‘One Welfare’ is understanding the interdependency between Human and Animal welfare, Biodiversity and the Environment. Companion animal ownership contributes both positively and negatively to One Welfare. By considering this from both narrow and broad perspectives, the aim of this talk is to engender holistic, critical, objective and creative thinking around this, frequently, emotive topic.
When considering Companion Animals and the Human-Animal Bond, the focus is often on pets and the positives outcomes of ownership for both us and them. These include the emotional and physical benefits that a pet can facilitate, be that lowered blood pressure, increased exercise, and giving us a ‘someone’ to share our joys and problems with. For the individual animal, positive aspects include advances in veterinary care, more humane methods of training, and progressive legislative steps as in the Animal Welfare Acts, introduced only a dozen years ago.
For many the darker side of companion animal ownership may only comprise concern for the individual animal’s welfare; as in cases of relinquishment and rehoming, inappropriate/problematic animal behaviour, abuse or neglect. However, it is increasingly recognised that people’s welfare may also be compromised. So-called irresponsible owners may simply be so through ignorance; for example they may have received inappropriate advice on what would be a suitable pet or how to train it. Others may have economic, housing, physical or psychological factors that influence their abilities to provide effectively for their own and/or their animal’s welfare.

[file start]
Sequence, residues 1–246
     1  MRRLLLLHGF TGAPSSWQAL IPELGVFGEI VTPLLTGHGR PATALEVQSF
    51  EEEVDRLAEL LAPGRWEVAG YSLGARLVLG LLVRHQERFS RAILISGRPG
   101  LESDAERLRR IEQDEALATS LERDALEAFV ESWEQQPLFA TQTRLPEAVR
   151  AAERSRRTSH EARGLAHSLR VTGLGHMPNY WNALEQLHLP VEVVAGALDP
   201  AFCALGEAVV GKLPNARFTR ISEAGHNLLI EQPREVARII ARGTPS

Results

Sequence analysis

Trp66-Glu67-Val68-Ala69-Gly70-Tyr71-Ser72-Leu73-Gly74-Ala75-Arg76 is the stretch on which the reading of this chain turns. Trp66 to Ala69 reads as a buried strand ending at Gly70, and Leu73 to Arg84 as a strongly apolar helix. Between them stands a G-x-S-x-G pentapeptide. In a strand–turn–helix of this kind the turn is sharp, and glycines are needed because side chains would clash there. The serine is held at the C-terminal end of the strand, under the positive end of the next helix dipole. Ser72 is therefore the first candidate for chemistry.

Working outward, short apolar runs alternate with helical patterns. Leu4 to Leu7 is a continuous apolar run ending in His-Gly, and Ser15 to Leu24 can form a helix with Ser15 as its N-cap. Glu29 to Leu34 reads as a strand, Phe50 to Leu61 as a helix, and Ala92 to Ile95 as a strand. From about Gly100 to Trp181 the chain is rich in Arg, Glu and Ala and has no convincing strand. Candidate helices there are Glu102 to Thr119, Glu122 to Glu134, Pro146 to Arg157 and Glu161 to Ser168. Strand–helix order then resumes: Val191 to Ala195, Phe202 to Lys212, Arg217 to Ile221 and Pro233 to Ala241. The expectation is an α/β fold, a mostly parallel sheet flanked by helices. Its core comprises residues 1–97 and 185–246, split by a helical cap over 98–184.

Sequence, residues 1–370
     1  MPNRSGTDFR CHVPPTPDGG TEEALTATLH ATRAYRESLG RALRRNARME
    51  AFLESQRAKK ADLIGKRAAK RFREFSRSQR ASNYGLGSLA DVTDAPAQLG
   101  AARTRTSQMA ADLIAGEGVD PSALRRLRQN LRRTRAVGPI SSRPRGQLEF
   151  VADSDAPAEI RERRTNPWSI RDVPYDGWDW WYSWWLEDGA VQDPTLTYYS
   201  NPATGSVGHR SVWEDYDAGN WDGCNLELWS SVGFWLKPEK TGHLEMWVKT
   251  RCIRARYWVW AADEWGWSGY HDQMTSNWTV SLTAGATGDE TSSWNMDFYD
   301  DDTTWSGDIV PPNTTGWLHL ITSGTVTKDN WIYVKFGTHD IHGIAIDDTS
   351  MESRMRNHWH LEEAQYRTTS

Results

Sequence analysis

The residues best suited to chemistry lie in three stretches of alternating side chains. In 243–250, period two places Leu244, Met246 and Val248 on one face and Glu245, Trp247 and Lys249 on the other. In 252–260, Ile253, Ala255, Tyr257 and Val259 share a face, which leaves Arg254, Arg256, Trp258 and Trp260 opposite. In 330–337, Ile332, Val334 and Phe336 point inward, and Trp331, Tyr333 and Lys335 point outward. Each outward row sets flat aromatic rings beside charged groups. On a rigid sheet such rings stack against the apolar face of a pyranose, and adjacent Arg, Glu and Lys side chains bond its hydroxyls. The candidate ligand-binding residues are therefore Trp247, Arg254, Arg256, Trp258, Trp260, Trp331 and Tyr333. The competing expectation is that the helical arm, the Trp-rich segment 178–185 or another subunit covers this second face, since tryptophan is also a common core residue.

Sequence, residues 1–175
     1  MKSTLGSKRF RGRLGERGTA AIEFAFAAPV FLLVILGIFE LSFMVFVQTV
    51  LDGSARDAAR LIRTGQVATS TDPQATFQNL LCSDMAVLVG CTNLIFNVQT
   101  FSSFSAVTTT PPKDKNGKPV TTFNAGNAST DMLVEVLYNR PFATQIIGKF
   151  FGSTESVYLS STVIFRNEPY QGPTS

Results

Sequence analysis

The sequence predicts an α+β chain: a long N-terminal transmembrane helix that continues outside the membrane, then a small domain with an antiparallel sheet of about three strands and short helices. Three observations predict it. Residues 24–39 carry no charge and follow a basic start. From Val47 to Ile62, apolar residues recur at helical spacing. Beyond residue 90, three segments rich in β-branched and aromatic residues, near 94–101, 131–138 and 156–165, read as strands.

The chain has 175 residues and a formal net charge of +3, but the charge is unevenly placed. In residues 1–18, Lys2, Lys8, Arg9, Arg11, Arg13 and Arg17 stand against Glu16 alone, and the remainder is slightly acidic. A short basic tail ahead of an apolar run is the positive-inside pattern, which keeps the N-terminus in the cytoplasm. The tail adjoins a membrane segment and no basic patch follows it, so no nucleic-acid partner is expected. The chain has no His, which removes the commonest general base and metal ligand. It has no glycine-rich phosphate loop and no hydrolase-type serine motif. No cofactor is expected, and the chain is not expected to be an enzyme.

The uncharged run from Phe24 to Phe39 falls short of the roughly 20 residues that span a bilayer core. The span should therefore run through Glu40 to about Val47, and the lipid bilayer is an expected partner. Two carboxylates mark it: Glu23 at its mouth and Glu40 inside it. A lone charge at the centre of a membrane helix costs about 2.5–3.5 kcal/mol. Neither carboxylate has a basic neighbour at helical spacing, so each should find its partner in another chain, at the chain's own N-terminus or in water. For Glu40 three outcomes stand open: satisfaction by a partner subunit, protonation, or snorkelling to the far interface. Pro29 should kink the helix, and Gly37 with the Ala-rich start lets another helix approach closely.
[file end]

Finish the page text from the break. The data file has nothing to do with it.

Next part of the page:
Beyond the immediate horizon of the individual, keeping companion animals has direct and indirect impacts on society, other animal species, biodiversity and the environment. These include the animal’s origin (bred by people or wild caught) and land use. To conclude, some discussion thoughts for sustainable and ethical pet keeping will lead to the next lectures.
Speaker: Dr Anne McBride PhD, Hon Ass. Mem. BVNA, Hon Ass. Mem. BSAVA, ABTC CAB
Anne’s background is in Psychology and her PhD was on rabbit behaviour. She has been privileged to have worked with a wide variety of domestic and exotic species. She started practising as a Clinical Animal Behaviourist in 1987 and was director of the first UK University based course in the field, which ran at Southampton University from 1994 – 2015. She lectures in Human-Animal Interactions and animal behaviour nationally and internationally. Her main professional goal is to help others develop their ability to be creative, yet objectively critical thinkers and practitioners. She feels this is essential if current and future knowledge of both humans and animals is to be applied successfully to the welfare improvement of all.
Her main personal goal is to grow old whilst never truly growing up, and to continue learning and laughing all the way!